In Praise Of ... Football Hype Videos

Kalyn Kahler

After a week of bad takes, it’s time to feel good about football! This week on The MMQB, our writers and editors are taking time to praise what they like most about the NFL. Agree or disagree with the praise? Send us an email at

I first fell in love with pregame hype videos in 2012, when I was a cheerleader at Northwestern and the team played this incredible hype video before the players ran out onto the field for every home game. The inside-the-locker-room Pat Fitzgerald speech footage, the repetition of the simple phrase (WE PLAY FOR NORTH-WESTERN!), throwback clips from Northwestern football history, and slow, closeup shots of players checked off all the requirements for a great hype video.

Since then, I’ve paid close attention to the final minutes before the team runs out onto the field, and I’m dedicating this “In Praise Of…” column to the hype video, an underappreciated part of the game day experience. In my hype video studies, I’ve identified a reliable formula for how to make the kind of hype video that sets the mood perfectly for an NFL game:

• Dramatic music
• Back lit, slow and closeup shots of key players
• Serious voiceover narration
• A suspenseful buildup to a run of loud, clashing, high-energy highlight clips
• At least one catchy phrase or team motto repeated multiple times

My favorite pregame hype video from this past NFL season came from the Vikings. Their 2018 winter-themed entrance video is a brilliant masterclass. Flaming swords! Torches! Players punching through walls of ice! A scary looking forest! A slightly British sounding narrator!


The deep sound of the Viking gjallarhorn repeats itself throughout the video, which is an especially dramatic touch because the gjallarhorn happens to sound exactly like the long, low groan of ice shifting. The narrator sounds like he could be straight out of Game of Thrones. When you type out his script, it doesn’t make much sense, but the way he reads it is so intense that it doesn’t matter what he’s actually saying. And somehow, he makes you excited for winter, which I didn’t think was possible.

“This is the North, the land of the ice and snow,” he says. “In these halls of ice, our warriors wait in the shadows, ready to be unleashed. We will defend the North!”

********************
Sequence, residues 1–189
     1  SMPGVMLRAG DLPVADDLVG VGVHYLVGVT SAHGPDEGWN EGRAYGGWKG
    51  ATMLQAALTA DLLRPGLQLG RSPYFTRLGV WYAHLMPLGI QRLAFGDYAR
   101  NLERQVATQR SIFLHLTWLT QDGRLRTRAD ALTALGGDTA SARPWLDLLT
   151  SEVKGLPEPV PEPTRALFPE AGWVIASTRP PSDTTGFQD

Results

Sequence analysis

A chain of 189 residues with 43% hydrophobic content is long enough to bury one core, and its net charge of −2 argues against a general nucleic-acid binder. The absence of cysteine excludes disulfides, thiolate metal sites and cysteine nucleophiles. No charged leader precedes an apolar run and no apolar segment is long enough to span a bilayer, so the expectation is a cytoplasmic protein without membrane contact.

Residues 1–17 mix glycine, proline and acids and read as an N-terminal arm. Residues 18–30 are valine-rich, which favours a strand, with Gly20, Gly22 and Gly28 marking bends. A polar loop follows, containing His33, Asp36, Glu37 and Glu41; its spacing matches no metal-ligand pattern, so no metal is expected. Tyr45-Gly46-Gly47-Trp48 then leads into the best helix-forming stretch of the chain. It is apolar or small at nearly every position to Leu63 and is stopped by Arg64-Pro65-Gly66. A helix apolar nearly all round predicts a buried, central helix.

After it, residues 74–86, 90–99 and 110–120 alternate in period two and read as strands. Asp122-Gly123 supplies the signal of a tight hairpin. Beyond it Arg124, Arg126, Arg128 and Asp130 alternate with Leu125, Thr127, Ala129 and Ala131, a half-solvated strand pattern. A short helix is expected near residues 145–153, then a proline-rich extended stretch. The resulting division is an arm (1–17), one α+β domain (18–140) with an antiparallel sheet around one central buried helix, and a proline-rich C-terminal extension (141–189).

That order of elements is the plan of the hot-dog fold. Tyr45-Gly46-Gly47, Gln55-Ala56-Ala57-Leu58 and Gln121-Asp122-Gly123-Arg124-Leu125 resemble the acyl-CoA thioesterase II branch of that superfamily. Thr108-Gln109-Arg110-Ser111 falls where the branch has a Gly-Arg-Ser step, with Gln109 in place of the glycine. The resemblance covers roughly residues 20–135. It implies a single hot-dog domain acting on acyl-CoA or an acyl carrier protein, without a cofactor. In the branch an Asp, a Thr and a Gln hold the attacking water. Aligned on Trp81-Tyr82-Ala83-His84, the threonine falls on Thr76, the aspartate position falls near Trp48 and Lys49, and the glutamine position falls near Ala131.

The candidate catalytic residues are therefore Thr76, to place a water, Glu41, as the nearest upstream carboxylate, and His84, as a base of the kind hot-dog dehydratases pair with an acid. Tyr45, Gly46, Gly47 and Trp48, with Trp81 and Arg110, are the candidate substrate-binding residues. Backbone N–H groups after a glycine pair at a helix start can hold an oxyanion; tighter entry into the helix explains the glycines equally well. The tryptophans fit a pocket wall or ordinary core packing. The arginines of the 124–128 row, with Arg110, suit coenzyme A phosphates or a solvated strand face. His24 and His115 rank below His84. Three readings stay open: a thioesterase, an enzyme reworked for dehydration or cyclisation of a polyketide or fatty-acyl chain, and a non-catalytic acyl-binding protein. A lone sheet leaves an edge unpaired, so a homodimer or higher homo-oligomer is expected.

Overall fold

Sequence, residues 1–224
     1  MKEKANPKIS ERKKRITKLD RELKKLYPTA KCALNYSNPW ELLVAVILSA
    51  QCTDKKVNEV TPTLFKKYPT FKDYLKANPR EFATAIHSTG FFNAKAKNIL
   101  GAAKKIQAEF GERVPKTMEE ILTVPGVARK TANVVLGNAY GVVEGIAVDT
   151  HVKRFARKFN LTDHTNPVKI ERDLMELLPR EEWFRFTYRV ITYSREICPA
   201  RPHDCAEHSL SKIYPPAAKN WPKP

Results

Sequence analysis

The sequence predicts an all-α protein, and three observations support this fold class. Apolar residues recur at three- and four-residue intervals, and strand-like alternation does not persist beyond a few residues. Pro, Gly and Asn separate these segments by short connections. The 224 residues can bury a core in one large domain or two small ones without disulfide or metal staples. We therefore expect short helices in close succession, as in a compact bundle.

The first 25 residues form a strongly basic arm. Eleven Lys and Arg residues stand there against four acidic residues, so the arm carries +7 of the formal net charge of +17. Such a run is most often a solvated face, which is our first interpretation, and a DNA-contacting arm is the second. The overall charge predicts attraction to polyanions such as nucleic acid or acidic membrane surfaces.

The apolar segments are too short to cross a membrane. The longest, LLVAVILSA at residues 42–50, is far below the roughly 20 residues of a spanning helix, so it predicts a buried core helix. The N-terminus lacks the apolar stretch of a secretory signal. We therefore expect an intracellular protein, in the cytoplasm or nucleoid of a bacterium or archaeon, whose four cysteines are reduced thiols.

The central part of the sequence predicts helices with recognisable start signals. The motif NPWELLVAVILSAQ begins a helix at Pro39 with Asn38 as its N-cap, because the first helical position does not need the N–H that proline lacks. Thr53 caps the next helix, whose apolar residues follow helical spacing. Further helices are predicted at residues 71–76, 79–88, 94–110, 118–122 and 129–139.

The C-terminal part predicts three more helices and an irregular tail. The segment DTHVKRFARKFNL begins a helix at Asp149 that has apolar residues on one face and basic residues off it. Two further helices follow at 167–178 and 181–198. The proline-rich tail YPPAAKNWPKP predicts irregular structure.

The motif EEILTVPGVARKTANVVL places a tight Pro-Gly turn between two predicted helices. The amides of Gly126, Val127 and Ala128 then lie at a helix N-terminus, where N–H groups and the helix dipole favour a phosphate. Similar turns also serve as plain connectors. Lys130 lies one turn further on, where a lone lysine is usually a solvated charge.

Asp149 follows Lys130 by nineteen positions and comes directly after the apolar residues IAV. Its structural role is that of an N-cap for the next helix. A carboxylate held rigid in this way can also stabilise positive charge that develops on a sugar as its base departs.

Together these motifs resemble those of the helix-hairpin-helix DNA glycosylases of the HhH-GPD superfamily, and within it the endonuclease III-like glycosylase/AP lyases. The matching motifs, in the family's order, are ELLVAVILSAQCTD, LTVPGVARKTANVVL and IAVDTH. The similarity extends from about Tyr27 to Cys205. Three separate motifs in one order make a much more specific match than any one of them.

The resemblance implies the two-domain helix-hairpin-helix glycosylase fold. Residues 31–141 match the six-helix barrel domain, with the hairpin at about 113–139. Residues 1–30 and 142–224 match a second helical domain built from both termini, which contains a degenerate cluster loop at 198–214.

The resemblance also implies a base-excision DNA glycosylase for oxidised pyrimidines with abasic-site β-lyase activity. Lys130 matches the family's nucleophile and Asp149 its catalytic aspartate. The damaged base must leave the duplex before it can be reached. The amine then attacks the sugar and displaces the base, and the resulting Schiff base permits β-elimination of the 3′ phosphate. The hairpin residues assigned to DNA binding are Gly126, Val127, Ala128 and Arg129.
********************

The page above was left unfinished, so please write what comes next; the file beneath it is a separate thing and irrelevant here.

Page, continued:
At that cue, the players encased in the ice fortress break out, some slashing through the walls with fiery swords, others punching their way out. If that doesn’t get you excited for some football, then you’re probably dead. The Vikings went above and beyond because the themes of fire and ice actually became real. Seconds after the video ends with a fiery Vikings logo, a huge ball of fire would shoot out of the Viking ship at U.S. Bank Stadium, and the players would run onto the field from underneath the ship. If you were in the stadium, you could actually feel the heat from the flames on your cheeks. The video really comes alive with the actual flames, good for bonus points in my book.

I’m awarding an honorable mention this season to the creative use of the halo board at Mercedes-Benz Stadium for Super Bowl LIII. The halo board is a video screen at the top of the stadium that wraps around in a full circle. For Super Bowl LIII, the video crew kept it simple and played shots, back lit of course, of Rams and Patriots players, one at a time. A new player flashed with each beat of the orchestral music. One shot panned across a closeup of Todd Gurley’s face, his eyes peeking out in between his braids. Another filmed Rob Gronkowski from a low perspective, looking up at him like he was a statue in a museum. The next shot showed Aaron Donald’s profile. On the beat, he turned and looked straight into the camera without blinking.

Even individual players recognize the importance of a good hype video. Tom Brady put out this one on his Instagram before the AFC championship game, and this one before the Super Bowl. Neither script makes much sense, but who cares! It’s Brady, and Zdeno Chara, and legend David Ortiz and Paul Pierce talking about winning!

Sure, hype videos are a little bit corny and overwrought, but the game day experience would not be the same without this artificial and heavily-edited ritual.

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